Rosalie's hair is glossy and black, as glossy and black as a raven's wing. It hangs down over her sun-bronzed shoulders and back in ringlets she makes with a curling iron.
She reaches up and back to grasp a sheaf of these ringlets and there is the brisk metallic sound of a spring-loaded hair clip snapping closed. Her arms and hands briefly form a circle. She fingers a brightly chromed nipple ring, throwing back her shoulders, smiles into the mirror, blows me a kiss.
There are colorful and ladylike tattoos, ivy wrapped around a trident on her right shoulder blade, a fish bursting from a multicolored dial on the small of her back where a linen robe is puddled around her hips where she is perched on the little vanity stool.
She glances at me in the mirror as she wets a fingertip and smooths the seam in a joint she just lit, handing it to me, then blotting her lipstick with a tissue in one motion before she glances in the mirror over her shoulder and smiles at our lover lolling naked on the bed in an evening breeze coming in through the screens from the sleeping porch.
It's a secret woman to woman glance, a brief smile with no nod from one to another whose reproductive and neurological chemistry is synchronized through proximity.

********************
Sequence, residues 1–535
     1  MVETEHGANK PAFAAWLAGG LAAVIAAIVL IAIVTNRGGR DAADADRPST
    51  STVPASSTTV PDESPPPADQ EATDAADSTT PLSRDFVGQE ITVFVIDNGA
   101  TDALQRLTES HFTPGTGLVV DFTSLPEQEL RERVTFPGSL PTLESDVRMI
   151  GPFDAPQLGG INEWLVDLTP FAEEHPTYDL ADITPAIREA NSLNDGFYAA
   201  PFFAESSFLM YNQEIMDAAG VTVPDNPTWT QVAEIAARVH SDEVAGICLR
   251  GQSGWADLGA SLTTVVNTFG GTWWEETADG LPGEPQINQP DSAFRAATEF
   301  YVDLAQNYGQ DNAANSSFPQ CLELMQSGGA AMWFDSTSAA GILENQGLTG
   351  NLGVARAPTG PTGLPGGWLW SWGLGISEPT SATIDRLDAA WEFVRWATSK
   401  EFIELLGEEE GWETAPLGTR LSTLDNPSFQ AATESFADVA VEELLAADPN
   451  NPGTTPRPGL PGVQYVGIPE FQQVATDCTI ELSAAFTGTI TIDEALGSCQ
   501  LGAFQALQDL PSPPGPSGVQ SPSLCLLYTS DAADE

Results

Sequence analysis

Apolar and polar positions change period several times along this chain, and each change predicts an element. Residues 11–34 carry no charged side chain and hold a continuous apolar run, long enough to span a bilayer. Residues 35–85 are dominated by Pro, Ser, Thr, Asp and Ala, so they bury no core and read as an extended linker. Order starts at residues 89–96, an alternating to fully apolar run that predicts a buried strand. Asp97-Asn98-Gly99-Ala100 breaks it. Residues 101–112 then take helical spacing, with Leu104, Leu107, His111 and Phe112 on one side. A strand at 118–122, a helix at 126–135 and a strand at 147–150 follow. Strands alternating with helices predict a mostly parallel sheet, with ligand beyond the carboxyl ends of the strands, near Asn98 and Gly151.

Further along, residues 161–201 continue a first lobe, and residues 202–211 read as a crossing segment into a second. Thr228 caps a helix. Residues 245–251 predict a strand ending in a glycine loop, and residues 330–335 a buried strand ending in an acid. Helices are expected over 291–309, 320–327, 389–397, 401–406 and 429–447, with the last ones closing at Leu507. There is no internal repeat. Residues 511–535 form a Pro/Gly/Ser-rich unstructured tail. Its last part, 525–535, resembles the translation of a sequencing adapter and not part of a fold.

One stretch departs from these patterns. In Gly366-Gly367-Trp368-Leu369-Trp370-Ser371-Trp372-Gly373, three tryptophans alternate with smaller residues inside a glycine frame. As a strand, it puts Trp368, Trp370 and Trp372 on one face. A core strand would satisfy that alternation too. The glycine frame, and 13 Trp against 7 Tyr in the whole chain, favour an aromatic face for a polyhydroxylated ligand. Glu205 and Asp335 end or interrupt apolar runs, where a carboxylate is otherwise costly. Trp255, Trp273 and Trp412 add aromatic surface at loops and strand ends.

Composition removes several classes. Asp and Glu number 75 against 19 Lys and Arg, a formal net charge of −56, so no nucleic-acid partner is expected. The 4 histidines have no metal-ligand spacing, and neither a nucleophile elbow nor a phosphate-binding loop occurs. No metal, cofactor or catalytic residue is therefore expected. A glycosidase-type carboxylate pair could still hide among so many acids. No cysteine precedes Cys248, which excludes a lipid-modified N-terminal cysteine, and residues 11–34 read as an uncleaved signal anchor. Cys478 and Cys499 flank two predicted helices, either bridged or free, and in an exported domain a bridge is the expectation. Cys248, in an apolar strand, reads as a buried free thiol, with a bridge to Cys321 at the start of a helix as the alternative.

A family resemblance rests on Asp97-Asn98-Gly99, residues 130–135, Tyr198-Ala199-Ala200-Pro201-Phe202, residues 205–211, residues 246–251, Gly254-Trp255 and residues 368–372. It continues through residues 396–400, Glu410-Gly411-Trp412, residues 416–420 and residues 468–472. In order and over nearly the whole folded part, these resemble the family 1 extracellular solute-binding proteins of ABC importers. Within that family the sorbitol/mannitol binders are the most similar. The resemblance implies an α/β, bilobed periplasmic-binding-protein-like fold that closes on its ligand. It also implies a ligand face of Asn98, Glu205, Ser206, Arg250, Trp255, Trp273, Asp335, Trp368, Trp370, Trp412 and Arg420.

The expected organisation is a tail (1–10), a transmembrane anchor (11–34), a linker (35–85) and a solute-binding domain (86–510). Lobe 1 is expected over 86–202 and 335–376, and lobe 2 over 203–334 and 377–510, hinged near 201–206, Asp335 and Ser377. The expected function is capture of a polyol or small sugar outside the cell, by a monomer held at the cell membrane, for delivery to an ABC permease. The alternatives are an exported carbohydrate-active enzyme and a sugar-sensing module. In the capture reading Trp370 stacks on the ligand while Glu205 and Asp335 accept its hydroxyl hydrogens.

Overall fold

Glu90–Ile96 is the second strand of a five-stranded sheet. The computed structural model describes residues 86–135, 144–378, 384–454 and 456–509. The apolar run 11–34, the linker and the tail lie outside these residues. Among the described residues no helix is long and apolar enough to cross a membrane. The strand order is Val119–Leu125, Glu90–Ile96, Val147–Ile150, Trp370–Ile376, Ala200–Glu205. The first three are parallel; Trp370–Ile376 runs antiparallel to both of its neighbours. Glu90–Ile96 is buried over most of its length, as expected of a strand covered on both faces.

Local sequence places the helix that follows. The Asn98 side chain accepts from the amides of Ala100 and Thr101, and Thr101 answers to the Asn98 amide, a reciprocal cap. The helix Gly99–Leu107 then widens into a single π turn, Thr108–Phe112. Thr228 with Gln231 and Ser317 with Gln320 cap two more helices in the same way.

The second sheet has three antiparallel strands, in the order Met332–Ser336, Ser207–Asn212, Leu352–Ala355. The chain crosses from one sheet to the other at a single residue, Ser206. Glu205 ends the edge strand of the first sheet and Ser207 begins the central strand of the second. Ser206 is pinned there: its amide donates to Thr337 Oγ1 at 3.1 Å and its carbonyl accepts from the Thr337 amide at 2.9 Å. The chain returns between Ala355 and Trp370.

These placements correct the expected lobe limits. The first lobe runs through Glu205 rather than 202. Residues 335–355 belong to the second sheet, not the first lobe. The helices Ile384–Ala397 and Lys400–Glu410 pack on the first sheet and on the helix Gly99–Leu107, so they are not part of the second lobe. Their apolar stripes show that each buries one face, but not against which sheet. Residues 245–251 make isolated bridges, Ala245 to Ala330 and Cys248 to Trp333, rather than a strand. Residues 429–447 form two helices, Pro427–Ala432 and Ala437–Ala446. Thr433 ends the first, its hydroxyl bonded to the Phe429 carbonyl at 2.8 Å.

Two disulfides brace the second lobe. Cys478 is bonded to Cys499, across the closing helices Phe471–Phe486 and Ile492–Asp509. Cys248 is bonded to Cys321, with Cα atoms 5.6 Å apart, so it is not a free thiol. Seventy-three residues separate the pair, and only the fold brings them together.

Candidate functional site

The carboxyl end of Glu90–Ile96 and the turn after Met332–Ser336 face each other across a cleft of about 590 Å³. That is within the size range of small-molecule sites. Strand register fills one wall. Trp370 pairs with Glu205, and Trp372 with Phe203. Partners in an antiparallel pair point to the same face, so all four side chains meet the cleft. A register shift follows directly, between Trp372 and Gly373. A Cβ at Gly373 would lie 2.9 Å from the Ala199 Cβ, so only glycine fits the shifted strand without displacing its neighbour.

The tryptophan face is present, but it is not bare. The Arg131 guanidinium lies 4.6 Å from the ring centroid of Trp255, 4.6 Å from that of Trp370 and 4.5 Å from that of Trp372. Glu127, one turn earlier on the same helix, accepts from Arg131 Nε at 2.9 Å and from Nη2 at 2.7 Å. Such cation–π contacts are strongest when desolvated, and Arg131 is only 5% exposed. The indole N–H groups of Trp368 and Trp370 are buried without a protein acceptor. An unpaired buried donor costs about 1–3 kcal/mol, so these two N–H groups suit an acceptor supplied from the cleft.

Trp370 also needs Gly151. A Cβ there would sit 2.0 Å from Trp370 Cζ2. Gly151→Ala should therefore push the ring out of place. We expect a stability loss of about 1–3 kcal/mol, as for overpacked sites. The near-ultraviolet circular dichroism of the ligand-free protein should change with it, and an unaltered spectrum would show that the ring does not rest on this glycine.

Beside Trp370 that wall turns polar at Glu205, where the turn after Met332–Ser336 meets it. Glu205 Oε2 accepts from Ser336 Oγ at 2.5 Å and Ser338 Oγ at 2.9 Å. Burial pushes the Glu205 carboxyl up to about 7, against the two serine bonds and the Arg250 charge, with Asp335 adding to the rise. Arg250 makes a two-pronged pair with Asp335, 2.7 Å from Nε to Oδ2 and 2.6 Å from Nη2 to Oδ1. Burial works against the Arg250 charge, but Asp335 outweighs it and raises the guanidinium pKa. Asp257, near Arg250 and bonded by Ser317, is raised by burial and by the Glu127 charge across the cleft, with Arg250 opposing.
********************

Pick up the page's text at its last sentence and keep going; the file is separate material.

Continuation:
Their skin texture is so similar one can hardly tell the difference with eyes closed in the dark stroking gently and lovingly along the lines of smooth musculature and swooping lady subcutaneous mystery over hips strong enough to birth, fight, flight, bear and kick, climb and run for cover.
I have massaged them daily now for a fortnight after yoga and meditation in the mornings, eyes closed, smoothing in the oil and cocoa butter. I know every ticklish spot and roughened area where straps and elastic take a holiday in their nudity.
We are together, Rosalie, Gwen and I, trying to forget the winter and the approaching end of spring.
We loaded and cleaned the pistols and a shotgun, gassed up the car and got ready for the run for the harbor.
Tomorrow at dawn we will learn what we waited for.
We smile, feeling our pulses quicken. We will do it just the way we planned, the boat, the load, the money, the getaway, as simple as that.
We smile once more. One, another, amid the Spanish moss in the old oaks, we smile once more.
Outlaws, outside the protection of the law, we wait the time.
Jim Parks is a newsman, deckhand, farm hand, ramblin' man and truck drivin' man. Keep him away from the firewater and don't mess with his food or his woman.